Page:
WPI will try to speak with all secular parties to keep communal forces at bay: AP President

With elections just over a month away, political parties in India have pulled up their socks. As a new player in the so called ‘dirty game’ in India, Welfare Party of India (WPI) has jumped into the field with its value-based politics and inclusive development mantra to woo voter. WPI Andhra Pradesh president Malik Motasim Khan shows his confidence to beat communal forces in upcoming elections, during an interaction with SM Fasiullah in Hyderabad.

Malik Motasim Khan

Malik Motasim Khan

WPI of AP performed fairly well in its election debut during Panchayat elections in the state. What response you got when interacting with voters in rural areas?

Indeed we did well in Panchayat Elections in Andhra Pradesh without following immoral and illegal means to woo voters. People liked our fair and honest approach, and believed in our localized action plans. Their positive responses to our call for value-based politics really boosted our morale. Now we want to contest upcoming elections.

Being just over two years old in the state, don’t you think it’s too early for your party to contest for upcoming Assembly and Lok Sabha elections?

Fighting elections is more about the determination of a person or the party. If you have the spirit to serve people and guts to challenge evil in the society then nothing else would matter. We are promising value-based politics, and will field candidates with no criminal records.

How do you see strong competitors in the field such as TRS, Congress, TDP, MIM and YSRCP?

The party has decided to fight communal forces. We will definitely try to speak with all secular like-minded political parties, if need be, to keep communal forces at bay. The party will convince voters to choose non-criminals to run government at both local and national level.

How will you approach voters who already seem to have been moved by either Modi-wave or AAP magic?

In a country like India there will be followers for every celebrity. Modi too has his followers. That does not mean he will sit on Prime Minister’s chair. Indian history is witness to the fact that majority of people in India have chosen secular candidates as Prime Minister in the past for many times. He’s riding high only in Media. The ground reality is different.

As far as AAP is concerned, it came to power in Delhi with its pro-people promises. It fulfilled a few, and walked away from power in just 49 days leaving many other promises and needs of Delhiites unfulfilled. That’s not what people were expecting from Kejriwal and his party. Moreover, the party has not taken clear stand on many issues of national importance.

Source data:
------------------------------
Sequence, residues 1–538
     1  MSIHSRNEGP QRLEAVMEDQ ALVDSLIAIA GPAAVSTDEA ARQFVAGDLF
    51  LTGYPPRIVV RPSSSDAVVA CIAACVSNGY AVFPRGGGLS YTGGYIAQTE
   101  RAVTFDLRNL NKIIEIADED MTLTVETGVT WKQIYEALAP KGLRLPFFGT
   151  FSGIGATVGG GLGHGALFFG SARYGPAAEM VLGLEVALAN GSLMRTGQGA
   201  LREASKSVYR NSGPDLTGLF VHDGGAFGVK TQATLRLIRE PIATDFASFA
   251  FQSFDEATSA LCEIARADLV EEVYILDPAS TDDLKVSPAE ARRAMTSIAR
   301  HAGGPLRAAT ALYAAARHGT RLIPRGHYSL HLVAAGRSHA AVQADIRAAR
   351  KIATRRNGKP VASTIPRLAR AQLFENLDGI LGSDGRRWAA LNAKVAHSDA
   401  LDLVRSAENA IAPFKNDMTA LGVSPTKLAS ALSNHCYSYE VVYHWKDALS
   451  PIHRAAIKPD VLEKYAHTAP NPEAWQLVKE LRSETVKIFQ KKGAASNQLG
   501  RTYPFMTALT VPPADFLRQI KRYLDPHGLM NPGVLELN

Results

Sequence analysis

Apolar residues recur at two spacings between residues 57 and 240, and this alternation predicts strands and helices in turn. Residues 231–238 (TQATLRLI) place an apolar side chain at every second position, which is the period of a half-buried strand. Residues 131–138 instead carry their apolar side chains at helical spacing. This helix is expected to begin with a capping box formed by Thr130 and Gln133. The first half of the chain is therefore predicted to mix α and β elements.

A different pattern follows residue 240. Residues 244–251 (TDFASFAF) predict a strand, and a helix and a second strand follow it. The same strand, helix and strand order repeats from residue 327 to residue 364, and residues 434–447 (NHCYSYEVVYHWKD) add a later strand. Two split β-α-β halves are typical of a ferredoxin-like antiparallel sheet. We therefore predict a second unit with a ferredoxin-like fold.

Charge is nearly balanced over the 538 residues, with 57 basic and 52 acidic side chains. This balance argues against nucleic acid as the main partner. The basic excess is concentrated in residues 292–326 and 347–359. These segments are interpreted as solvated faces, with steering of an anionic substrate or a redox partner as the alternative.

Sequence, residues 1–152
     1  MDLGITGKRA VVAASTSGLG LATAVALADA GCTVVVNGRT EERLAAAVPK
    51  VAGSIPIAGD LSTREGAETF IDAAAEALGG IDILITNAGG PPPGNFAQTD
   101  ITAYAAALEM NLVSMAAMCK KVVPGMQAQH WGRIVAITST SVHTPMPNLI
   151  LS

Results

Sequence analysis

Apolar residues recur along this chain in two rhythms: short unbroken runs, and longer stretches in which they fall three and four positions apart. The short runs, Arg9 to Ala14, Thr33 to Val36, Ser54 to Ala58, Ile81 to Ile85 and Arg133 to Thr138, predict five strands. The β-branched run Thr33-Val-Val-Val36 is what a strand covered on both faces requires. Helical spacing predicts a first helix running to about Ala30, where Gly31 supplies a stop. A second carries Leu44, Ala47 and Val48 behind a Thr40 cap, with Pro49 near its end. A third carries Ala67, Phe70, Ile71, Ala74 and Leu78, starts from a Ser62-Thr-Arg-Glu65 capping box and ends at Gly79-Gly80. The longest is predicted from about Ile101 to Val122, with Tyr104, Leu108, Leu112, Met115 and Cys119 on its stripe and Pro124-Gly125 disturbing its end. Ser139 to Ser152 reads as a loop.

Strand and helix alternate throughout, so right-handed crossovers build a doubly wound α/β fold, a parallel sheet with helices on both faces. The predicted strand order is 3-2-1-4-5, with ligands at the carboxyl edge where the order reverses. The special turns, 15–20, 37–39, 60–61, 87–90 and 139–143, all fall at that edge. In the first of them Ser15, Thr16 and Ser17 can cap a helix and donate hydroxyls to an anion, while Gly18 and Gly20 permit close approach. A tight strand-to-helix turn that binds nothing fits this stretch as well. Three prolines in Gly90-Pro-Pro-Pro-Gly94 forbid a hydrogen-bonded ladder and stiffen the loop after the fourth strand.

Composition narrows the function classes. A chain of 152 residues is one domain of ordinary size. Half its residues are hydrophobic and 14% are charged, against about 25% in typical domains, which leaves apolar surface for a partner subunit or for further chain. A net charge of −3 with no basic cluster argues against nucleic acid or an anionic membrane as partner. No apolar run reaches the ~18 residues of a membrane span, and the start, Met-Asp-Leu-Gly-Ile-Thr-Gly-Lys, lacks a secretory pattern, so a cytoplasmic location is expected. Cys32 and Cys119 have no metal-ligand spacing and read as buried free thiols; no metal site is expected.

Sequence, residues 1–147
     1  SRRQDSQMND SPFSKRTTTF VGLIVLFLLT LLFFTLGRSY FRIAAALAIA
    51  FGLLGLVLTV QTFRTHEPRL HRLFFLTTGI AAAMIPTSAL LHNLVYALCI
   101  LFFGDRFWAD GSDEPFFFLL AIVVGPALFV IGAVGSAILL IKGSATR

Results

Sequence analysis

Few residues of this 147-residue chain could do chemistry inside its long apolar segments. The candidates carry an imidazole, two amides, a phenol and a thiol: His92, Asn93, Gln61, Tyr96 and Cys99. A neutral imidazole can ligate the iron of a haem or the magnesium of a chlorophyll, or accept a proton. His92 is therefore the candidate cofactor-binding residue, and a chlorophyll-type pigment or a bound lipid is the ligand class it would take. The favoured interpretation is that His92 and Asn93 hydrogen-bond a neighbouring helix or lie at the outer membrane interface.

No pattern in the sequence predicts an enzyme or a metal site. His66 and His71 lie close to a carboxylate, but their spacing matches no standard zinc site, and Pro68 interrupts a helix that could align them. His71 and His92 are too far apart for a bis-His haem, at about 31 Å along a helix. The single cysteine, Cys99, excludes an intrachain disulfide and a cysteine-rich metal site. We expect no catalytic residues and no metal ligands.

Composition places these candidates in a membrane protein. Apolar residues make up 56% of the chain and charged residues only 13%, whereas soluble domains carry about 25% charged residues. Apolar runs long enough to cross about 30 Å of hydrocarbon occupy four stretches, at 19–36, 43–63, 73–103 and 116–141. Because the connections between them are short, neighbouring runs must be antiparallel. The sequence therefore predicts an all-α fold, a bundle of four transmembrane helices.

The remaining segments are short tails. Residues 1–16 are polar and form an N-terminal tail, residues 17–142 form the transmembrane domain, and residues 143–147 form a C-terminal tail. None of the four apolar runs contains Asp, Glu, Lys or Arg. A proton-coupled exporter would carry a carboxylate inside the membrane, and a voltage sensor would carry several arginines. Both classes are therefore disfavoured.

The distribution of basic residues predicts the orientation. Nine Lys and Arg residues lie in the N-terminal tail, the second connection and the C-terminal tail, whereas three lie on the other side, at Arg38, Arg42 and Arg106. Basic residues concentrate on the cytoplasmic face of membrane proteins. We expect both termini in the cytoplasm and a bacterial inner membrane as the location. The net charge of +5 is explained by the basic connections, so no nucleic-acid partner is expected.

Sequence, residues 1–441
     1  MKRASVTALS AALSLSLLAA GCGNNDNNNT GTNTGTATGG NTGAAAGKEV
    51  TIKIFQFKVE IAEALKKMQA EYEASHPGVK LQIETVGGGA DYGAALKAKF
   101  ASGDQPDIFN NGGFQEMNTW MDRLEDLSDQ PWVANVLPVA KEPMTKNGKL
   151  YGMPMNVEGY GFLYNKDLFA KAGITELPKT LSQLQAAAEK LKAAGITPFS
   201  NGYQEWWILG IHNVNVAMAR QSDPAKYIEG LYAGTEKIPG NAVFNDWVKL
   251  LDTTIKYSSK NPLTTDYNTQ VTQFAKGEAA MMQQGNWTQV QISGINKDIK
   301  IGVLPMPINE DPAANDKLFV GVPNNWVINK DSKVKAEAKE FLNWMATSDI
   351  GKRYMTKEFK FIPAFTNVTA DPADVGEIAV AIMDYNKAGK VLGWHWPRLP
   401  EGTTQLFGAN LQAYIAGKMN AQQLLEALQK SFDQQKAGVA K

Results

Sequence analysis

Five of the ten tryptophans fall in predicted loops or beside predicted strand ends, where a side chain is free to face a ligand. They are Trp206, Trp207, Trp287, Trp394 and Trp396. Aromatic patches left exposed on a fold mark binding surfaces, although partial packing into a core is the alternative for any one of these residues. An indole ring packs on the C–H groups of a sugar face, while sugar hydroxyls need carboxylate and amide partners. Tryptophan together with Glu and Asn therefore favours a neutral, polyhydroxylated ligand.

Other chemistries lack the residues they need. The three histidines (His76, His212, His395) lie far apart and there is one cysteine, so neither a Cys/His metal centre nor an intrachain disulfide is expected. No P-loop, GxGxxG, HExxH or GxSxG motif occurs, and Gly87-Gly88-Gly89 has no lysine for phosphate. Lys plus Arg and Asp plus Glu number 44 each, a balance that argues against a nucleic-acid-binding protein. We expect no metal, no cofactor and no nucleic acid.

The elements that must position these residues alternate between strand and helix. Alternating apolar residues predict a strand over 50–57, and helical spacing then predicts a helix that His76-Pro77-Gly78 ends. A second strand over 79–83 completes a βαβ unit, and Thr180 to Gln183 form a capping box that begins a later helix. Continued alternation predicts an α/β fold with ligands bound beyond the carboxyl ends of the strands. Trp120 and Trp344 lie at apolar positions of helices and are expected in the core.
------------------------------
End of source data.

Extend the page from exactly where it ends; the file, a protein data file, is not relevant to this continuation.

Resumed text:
There are many similarities in WPI & AAP’s manifestos. Is there any possibility of political alliance with AAP?

It’s quite possible to have similarities in policies or action plans of political parties. Political alliance as such may not be possible with AAP at this juncture. But what I think is if a party takes up an issue or a task beneficial for people then there should not be a problem for another like-minded party to support it. We are ready to give and take support in all people welfare works.

You have been a strong supporter of Telengana Movement and led ‘Telangana Garjana’. What would be your reaction if TRS supports BJP post elections?

I reiterate that Telangana Movement for a separate state and TRS are different. TRS has been in forefront as a political party during this movement, in which I too gave my support as a community leader. TRS has not announced its post elections plans yet; therefore it’s better to leave it.

Rumours are making rounds on social network sites that you will contest for Lok Sabha. Is it true? What would be your preferred constituency?

Yes I will contest for Lok Sabha elections. No official statement in this regard has been issued so far, but let me share that Nizamabad is my preferred Lok Sabha constituency as it’s suitable for me. I belong to Nizamabad and want to serve people of my region.

What are the issues that you will take up, particularly during canvassing?

I will do whatever I can to develop Nizamabad. In the past, politicians promised a lot but did trivial things in the name of development. I have decided to take up following things as a priority: Revival of sugar industry; Rail connectivity between Nizamabad and Karimnagar; Infrastructure development; Implementation of all welfare schemes by government; and Development of slum areas. Being myself a member of minorities, I know problems of minority groups including SC/STs and BCs. I have plan for their overall development as well.